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Understanding a Short Sale in Illinois

Posted on in Foreclosure

Libertyville short sale attorneysOver the last several years, the nation’s economy has shown steady signs of improvement, but there is still a long way to go in many areas. When people go through tough financial times, some may find it necessary to sell what they own for far less than those assets are worth. In some cases, even applies to residential real estate in some cases. When a property is sold for a price that is less than the amount remaining on the mortgage, the transaction is known as a short sale.

Four Requirements for a Short Sale

A short sale is often a complex undertaking for several reasons. First, selling a house is almost always complicated. Next, since the sale price in a short sale is less than what the owner owes on his or her mortgage, the remaining amount of the loan must be taken into account. Finally, a short sale can only work if each party involved is on the same page regarding the transaction. The most difficult part of the process is often convincing the lender to allow the sale.

Obtaining a lender’s permission to allow a short sale usually requires four particular items, including:

  • A letter of hardship explaining why the borrower defaulted on the mortgage;
  • Evidence that the market value of the property is less than the amount remaining on the mortgage plus closing costs;
  • Proof that there is a buyer who is not related to the seller and willing to buy the property; and
  • Credible evidence indicating that a short sale is the best option.

The third requirement, in particular, is one of importance. A person might try to transfer ownership of the property to a family member in an attempt to avoid foreclosure, but doing so is prohibited by the Illinois Fraudulent Transfer Act. Even with all the items present, a request for a short sale could still be rejected, but providing them all will give a borrower in default the best possible chance of being approved.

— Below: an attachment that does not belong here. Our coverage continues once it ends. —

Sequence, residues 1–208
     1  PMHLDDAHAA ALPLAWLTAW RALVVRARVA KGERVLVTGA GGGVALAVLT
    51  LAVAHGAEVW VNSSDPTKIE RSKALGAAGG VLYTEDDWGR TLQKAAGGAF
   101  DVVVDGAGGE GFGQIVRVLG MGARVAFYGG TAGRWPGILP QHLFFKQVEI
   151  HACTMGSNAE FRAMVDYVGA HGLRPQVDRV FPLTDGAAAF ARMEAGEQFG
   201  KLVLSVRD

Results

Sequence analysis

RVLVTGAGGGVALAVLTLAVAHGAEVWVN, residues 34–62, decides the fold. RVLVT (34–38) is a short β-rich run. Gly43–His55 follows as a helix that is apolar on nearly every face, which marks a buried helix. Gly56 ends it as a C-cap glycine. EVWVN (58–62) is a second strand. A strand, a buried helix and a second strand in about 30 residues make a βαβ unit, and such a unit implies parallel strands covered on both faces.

Following the Sale

Presuming that the short sale is approved and is completed as intended, the borrower must still contend with the amount remaining on the loan. Under Illinois law, this balance may be taken care of in one of two ways. The mortgage lender could forgive the remaining debt—which must be reported in the borrower’s tax filings—or the lender could file for a deficiency judgment. Such a judgment allows the lender to collect the balance due through any legal means including wage garnishment and liens on other property that the borrower may own.

A borrow seeking a short sale could include a proposal to have the remaining balance waived with the initial request and hardship letter. It is best to address this concern early in the process to avoid unpleasant surprises down the road.

Contact a Libertyville Foreclosure Defense Attorney

If you are facing the possibility of foreclosure, contact an experienced Lake County real estate attorney to discuss your options regarding a short sale. Call 847-549-0000 for a free consultation at Newland & Newland, L.L.P. today.

 

Sources:

https://www.irs.gov/taxtopics/tc453.html

https://www.dcba.org/mpage/vol300118art3

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